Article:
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Unit 1:
Ch. 1
Ch. 2
Ch. 3
Interlude A
Unit 2:
Ch. 4
Ch. 5
Ch. 6
Ch. 7
Ch. 8
Ch. 9
Interlude B
Unit 3:
Ch. 10
Ch. 11
Ch. 12
Ch. 13
Ch. 14
Ch. 15
Interlude C
Unit 4:
Ch. 16
Ch. 17
Ch. 18
Ch. 19
Interlude D
Unit 5:
Ch. 20
Ch. 21
Ch. 22
Ch. 23
Ch. 24
Ch. 25
Ch. 26
Ch. 27
Ch. 28
Ch. 29
Ch. 30
Interlude E
Unit 6:
Ch. 31
Ch. 32
Interlude F
Unit 7:
Ch. 33
Ch. 34
Ch. 35
Ch. 36
Ch. 37
Ch. 38
Interlude G

» Getting Started » A Guide to the Reading » Tying it all together

Getting Started

Below are a few questions to consider prior to reading Chapter 17. These questions will help guide your exploration and assist you in identifying some of the key concepts presented in this chapter.

  1. What caused the U.S. Surgeon General to declare that it was time to “close the book on infectious disease” in 1960?
  2. How many species of insects are estimated to be resistant to at least one pesticide?
  3. What causes human immunodeficiency virus (HIV) to act like a “moving target” in an infected individual’s body?
  4. What do the Florida panther, northern elephant seal, and the African cheetah all have in common?
  5. What legislation has caused the directional selection of light-colored moths over dark-colored moths in England over the past several decades?
  6. What is the ideal birth weight for human babies as determined by stabilizing selection?

A Guide to the Reading

When exploring the content in Chapter 17 for the first time, the following concepts typically give students the most difficulty. For each concept, one or more references have been identified which may help you gain a better understanding of these potentially problematic areas.

Genetic Drift

Genetic drift is the process by which alleles are selected within a population at random over time.  The frequency of particular alleles may change as a result of random events.  This may have a profound effect on the population if the size of the population happens to be small.  Since small populations have fewer total alleles, if a number of individuals happen to leave or are eliminated from the population, the relative effect on the remaining alleles can be drastic.  When one allele reaches a frequency of 100 percent as a result of the genetic drift of other alleles, the remaining allele is said to have reached “fixation”, that is, because this is the only allele present in the population, it will not change over time.  It is important to note that the process of genetic drift is not subject to adaptive evolution; it may result in the fixation of alleles that are beneficial, neutral, or even harmful to the population.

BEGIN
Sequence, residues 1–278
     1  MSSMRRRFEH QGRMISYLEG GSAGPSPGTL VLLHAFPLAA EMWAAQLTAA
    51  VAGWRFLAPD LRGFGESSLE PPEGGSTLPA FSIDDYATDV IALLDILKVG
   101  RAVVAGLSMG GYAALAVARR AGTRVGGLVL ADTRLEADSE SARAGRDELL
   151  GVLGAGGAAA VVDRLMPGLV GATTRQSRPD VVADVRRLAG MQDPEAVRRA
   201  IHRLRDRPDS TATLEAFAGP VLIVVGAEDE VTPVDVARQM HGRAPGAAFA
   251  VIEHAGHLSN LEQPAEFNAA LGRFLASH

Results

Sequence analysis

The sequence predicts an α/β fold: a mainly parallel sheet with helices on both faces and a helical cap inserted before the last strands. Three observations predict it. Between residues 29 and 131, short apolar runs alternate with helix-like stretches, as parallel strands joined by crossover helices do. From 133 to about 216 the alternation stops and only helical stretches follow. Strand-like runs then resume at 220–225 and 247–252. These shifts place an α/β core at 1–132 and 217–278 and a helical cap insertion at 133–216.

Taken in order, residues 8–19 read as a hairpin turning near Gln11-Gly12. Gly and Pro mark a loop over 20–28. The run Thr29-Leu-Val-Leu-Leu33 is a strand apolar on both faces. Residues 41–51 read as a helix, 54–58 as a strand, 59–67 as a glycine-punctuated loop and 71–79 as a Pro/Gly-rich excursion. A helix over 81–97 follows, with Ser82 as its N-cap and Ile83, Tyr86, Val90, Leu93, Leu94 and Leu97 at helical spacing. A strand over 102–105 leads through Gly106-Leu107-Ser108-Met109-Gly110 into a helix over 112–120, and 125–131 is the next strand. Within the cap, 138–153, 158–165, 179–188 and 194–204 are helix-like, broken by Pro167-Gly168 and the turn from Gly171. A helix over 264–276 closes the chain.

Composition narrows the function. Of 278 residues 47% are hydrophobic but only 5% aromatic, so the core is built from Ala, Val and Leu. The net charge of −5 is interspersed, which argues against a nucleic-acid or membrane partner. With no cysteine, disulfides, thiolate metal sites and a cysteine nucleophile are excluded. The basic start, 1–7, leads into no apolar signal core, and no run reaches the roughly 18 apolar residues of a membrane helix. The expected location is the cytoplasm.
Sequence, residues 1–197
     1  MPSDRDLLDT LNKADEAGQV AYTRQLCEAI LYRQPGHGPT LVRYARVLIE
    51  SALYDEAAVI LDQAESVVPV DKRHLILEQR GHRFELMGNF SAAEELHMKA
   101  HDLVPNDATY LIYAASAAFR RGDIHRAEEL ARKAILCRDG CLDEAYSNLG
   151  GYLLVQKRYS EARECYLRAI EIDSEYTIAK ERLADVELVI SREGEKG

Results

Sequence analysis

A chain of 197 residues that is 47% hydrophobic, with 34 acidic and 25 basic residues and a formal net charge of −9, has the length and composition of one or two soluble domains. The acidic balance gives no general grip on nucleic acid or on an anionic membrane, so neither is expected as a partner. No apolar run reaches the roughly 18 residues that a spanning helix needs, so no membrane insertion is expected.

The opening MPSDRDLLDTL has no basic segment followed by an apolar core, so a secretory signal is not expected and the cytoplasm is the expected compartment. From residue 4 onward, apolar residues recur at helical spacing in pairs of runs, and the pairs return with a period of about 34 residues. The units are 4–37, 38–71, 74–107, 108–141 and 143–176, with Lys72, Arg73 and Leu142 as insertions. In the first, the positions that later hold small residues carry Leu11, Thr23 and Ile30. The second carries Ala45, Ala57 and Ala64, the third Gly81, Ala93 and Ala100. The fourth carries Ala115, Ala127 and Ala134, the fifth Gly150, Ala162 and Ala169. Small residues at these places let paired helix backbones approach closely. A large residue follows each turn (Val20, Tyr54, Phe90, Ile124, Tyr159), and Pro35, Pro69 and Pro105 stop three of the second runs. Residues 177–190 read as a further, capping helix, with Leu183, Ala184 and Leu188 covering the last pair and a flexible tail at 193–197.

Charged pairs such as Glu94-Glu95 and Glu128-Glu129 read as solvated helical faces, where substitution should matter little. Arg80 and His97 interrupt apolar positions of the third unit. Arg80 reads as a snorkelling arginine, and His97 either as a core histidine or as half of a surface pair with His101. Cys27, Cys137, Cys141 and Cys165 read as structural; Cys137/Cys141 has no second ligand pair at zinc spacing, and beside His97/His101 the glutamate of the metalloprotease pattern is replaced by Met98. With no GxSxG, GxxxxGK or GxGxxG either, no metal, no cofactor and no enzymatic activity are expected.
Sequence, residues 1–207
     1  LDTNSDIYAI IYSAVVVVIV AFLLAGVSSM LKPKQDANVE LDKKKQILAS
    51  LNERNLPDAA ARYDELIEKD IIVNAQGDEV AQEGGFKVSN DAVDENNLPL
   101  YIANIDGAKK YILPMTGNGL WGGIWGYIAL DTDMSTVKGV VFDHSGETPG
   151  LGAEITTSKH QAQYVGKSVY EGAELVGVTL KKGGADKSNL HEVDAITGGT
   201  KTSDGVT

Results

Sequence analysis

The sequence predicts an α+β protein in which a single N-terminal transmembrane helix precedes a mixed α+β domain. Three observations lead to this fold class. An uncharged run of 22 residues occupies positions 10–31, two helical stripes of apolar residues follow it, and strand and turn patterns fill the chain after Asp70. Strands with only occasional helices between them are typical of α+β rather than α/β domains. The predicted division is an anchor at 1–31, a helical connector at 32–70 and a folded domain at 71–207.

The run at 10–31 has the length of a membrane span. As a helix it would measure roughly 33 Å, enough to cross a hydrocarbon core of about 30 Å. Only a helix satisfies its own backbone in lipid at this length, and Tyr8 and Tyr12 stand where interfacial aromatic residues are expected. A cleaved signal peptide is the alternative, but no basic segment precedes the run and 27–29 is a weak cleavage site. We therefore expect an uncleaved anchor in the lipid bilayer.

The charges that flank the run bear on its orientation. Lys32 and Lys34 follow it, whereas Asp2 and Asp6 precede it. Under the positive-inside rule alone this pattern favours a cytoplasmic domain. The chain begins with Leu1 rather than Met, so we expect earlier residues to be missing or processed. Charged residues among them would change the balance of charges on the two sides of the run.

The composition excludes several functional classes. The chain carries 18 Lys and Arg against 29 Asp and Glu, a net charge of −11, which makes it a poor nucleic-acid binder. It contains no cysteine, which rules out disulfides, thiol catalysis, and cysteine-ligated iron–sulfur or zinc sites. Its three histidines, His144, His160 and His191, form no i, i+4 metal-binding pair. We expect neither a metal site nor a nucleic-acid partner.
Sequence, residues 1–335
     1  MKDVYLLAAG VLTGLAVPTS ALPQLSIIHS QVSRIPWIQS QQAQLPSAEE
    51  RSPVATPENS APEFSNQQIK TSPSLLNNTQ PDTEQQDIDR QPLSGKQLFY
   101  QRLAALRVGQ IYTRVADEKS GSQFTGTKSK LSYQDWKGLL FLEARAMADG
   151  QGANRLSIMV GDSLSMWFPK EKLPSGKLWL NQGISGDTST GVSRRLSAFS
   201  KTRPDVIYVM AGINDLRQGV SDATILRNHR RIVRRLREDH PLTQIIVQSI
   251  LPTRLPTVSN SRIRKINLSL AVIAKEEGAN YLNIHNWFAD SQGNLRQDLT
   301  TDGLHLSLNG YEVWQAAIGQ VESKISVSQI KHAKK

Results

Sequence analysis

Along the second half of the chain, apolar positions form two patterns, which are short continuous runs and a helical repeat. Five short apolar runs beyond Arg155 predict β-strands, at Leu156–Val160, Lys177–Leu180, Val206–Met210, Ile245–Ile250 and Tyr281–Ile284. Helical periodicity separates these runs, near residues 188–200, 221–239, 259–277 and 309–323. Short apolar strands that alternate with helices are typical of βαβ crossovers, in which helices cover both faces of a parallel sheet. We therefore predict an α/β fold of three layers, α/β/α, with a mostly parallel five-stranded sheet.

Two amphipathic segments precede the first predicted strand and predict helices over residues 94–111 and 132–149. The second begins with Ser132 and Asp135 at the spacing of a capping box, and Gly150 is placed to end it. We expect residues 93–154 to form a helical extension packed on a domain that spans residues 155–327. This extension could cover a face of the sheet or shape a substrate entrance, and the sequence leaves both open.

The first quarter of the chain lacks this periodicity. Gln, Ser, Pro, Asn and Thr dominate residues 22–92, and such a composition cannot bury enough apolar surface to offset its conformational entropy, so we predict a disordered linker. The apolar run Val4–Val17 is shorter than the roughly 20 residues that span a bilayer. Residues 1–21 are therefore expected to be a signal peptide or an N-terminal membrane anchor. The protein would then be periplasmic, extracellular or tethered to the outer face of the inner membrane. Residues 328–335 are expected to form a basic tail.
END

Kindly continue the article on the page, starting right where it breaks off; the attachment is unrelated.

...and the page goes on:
For more information on this concept, be sure to focus on:

  • In Section 17.6, Genetic drift affects small populations
  • Figure 17.3, Genetic Drift

Types of Natural Selection

As described in the chapter, there are three different types of natural selection, each serving to shape the evolution of a population as a result of differences in survival and reproductive success of members possessing particular traits.  Directional selection occurs when individuals possessing an extreme trait have a reproductive or survival advantage over individuals lacking this trait.  An example of directional selection might include the neck length of giraffes.  Giraffes with longer necks might have a survival advantage over animals with shorter necks since they may be more adept at feeding from tall trees.  The characteristic determining neck length would then be inherited by subsequent generations, shifting the characteristic of the population to possess longer necks.  Stabilizing selection occurs when individuals with an intermediate trait have a survival or reproductive advantage over individuals with extreme versions of the trait.  The example provided in the chapter focuses on human birth weight; underweight and/or premature babies have a survival disadvantage while very large babies are likely to cause problems during delivery.  These factors have stabilized the average birth weight of babies at around 8 pounds.  Disruptive selection occurs when individuals possessing a trait at either extreme have a survival or reproductive advantage over individuals with intermediate forms of the trait.  The example provided in the chapter focuses on the beak size within a population of African seed cracker birds.  The advantage of having either a large or small beak is that it enhances feeding efficiency, allowing populations to feed on either hard or soft seeds.  Another way to look at this is to realize that individuals possessing intermediate-sized beaks would be at a disadvantage since they would be inefficient at feeding on both types of seeds.

For more information on this concept, be sure to focus on:

  • In Section 17.7, There are three types of natural selection
  • Figure 17.6, The Three Types of Natural Selection
  • Figure 17.7, Directional Selection in the Peppered Moth
  • Figure 17.8, Stabilizing Selection for Human Birth Weight
  • Figure 17.9, Disruptive Selection for Beak Size

Tying it all together

Several concepts presented in this chapter build upon concepts presented in previous chapters and are also revisited and discussed in greater detail in subsequent chapters, including:

Genetic Recombination

  • Chapter 11 – Section 11.3, Linkage and Crossing-Over


  • Chapter 12 – Section 12.4, Repairing Replication Errors and Damaged DNA


  • Chapter 16 – Section 16.1, Biological Evolution: The Sum of Genetic Changes

Genetic Drift and Natural Selection

  • Chapter 16 – Section 16.2, Mechanisms of Evolution


  • Chapter 18 – Section 18.1, Adaptation: Adjusting to Environmental Challenges


  • Chapter 18 – Section 18.4 , Speciation: Generating Biodiversity

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